He encouraged the faithful to participate in the daily and Sunday Masses broadcast through CatholicTV, which is available through local cable providers as well as through several streaming platforms, such Roku, Apple TV, Amazon Fire TV, Samsung Smart TV, and through iOS and Android mobile apps.
Viewers can also view Masses on demand at any time at www.WatchtheMass.com. More information about how to view CatholicTV is available at CatholicTV.org.
In response to the Mass suspensions, several local parishes and shrines have also begun online streaming of Masses and adoration through Facebook, YouTube, and other social media.
"Though these are challenging times for our parishes and all members of our communities, it is important that we not forget the importance of care and concern for those who are most vulnerable, including the poor, our senior citizens, and people who are medically compromised. I urge those who can do so to maintain the support for their parish during these difficult days in order to sustain the ministries and outreach services for parishioners and those most in need. We entrust the Church to the intercession of our Blessed Mother as we pray for the return to full celebration of the sacraments and community prayer as soon as possible," said Cardinal O'Malley.
As of March 18, the archdiocese's Pastoral Center is currently slated to remain open. However, on-site staff is being limited to those with essential job functions, with all other staff being directed to work from home and with no outside visitors or meetings permitted.
Also on March 13, Thomas Carroll, Superintendent of Schools for the Archdiocese of Boston, announced that all archdiocesan elementary and high schools will be closed for two weeks, from March 16 through March 27. On March 15, Gov. Charlie Baker declared a state of emergency and ordered public and private elementary and high schools to remain closed until April 6.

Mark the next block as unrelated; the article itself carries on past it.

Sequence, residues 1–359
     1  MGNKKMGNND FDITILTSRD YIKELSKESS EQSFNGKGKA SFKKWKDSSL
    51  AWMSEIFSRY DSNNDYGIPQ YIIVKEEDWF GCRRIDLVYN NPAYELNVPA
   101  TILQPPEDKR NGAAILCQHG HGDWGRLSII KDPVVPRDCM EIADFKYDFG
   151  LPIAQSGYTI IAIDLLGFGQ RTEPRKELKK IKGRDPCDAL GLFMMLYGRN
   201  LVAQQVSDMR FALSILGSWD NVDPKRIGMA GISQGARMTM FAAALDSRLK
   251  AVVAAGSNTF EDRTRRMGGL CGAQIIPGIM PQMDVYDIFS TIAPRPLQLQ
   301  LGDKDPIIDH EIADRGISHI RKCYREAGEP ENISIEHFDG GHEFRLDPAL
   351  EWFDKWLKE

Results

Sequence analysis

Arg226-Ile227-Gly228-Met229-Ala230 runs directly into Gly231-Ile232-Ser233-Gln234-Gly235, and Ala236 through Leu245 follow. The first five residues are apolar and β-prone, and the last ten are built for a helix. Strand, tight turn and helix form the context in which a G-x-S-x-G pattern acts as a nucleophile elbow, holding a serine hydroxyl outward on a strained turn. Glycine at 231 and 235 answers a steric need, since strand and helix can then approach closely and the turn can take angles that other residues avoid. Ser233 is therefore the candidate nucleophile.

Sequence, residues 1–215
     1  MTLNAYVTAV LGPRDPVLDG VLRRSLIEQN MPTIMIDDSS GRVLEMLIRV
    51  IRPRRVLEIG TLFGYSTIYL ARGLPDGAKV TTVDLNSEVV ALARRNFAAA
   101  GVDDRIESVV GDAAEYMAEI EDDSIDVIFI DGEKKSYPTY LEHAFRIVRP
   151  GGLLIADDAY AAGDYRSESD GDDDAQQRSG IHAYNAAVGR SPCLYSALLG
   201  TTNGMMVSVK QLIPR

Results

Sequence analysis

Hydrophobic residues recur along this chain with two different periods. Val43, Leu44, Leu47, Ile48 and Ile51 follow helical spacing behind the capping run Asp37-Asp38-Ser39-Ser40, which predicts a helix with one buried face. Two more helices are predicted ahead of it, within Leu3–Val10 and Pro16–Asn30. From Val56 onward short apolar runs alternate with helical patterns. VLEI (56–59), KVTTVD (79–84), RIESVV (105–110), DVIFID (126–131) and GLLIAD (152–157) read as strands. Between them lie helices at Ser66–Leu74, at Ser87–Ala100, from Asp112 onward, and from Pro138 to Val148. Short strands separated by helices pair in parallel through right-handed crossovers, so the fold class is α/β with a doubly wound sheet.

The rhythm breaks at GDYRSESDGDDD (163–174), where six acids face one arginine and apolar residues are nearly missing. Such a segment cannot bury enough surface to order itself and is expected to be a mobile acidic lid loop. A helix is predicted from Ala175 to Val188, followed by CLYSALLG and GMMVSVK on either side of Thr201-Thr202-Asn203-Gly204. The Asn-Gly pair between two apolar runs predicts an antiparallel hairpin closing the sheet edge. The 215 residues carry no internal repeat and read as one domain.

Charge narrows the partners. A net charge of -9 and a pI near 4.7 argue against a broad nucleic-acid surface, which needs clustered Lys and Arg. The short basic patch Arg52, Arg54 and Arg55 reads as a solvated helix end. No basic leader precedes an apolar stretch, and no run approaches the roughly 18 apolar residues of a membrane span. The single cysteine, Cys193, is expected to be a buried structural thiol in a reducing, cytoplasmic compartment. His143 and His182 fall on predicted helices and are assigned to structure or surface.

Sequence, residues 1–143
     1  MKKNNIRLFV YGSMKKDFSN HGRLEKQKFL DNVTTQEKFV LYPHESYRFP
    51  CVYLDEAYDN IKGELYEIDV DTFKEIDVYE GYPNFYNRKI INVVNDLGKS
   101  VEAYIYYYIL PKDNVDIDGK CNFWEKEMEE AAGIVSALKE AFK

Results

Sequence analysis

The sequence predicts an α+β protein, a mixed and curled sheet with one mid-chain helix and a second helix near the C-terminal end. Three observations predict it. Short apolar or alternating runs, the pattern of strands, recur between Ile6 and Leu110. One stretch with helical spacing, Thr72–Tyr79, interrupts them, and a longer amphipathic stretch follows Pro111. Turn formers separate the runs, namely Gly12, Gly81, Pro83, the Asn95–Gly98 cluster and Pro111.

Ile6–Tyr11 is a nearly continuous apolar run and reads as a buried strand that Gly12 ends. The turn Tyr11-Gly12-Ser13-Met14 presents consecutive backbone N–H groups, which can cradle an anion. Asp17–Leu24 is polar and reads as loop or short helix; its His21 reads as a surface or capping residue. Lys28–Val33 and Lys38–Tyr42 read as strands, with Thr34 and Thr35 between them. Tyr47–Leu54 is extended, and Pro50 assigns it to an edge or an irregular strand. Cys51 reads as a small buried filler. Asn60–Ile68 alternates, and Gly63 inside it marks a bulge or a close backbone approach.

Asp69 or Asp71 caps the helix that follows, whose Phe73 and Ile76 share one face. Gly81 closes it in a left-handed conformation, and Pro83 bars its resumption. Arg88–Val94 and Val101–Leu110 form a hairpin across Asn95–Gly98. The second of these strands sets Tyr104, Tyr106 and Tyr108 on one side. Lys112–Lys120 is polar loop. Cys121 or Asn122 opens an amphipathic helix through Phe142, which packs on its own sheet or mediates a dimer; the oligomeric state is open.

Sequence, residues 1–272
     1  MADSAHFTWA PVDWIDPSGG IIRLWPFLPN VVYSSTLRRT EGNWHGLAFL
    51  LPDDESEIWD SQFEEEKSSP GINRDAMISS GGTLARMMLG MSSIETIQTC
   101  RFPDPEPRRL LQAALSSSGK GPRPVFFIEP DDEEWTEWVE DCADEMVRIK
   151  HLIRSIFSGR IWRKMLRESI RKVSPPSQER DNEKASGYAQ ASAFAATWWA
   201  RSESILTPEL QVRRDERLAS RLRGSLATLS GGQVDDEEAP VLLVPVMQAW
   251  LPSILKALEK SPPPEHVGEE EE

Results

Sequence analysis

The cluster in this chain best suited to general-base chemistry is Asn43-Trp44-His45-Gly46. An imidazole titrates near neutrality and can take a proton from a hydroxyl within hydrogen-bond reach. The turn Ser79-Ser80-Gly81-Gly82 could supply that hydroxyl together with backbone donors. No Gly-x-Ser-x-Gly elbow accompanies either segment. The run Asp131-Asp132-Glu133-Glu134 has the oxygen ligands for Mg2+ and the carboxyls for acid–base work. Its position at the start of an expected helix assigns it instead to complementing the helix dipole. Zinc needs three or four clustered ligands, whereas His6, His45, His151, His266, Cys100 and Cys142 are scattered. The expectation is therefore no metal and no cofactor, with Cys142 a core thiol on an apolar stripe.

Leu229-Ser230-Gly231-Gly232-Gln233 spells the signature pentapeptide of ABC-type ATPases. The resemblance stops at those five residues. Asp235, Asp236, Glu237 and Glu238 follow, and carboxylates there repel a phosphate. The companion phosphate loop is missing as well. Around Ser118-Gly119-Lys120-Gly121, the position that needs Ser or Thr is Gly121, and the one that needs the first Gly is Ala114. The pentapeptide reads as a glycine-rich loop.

Carroll urged Catholic schools to continue providing meals to students eligible for free or reduced-priced lunch during the closure in a way that would not require students to enter school buildings.
In light of the superintendent's decision, Michael Lavigne, assistant cabinet secretary for evangelization and discipleship, also notified parishes March 13 that all faith formation and related activities are suspended until further notice.
Confirmations scheduled to take place in the Archdiocese of Boston prior to Easter, April 12, are postponed.
On March 12, the archdiocese said activities related to the Catholic Appeal, originally scheduled for the weekend of March 14-15, have been postponed until the weekend of May 2-3 or another weekend. Contributions can be made online at www.bostoncatholicappeal.org.
In his remarks before celebrating a televised St. Patrick Day Mass on March 17, Cardinal O'Malley urged the faithful to turn to the rosary during this time of suspension of public Masses and services.
"Many of us remember growing up praying the rosary every evening as a family. In the history of our people, during the wars, famines, plagues, and persecution, the rosary has been the powerful prayer of the Catholic people," the cardinal said.
"Even if we cannot go to Mass, the rosary is always accessible to us. It is a prayer that puts us in touch with God as we reflect on the mysteries of the life of Christ and the Blessed Virgin. It is a prayer that can be prayed by the simplest peasant and the most brilliant scientist," he said.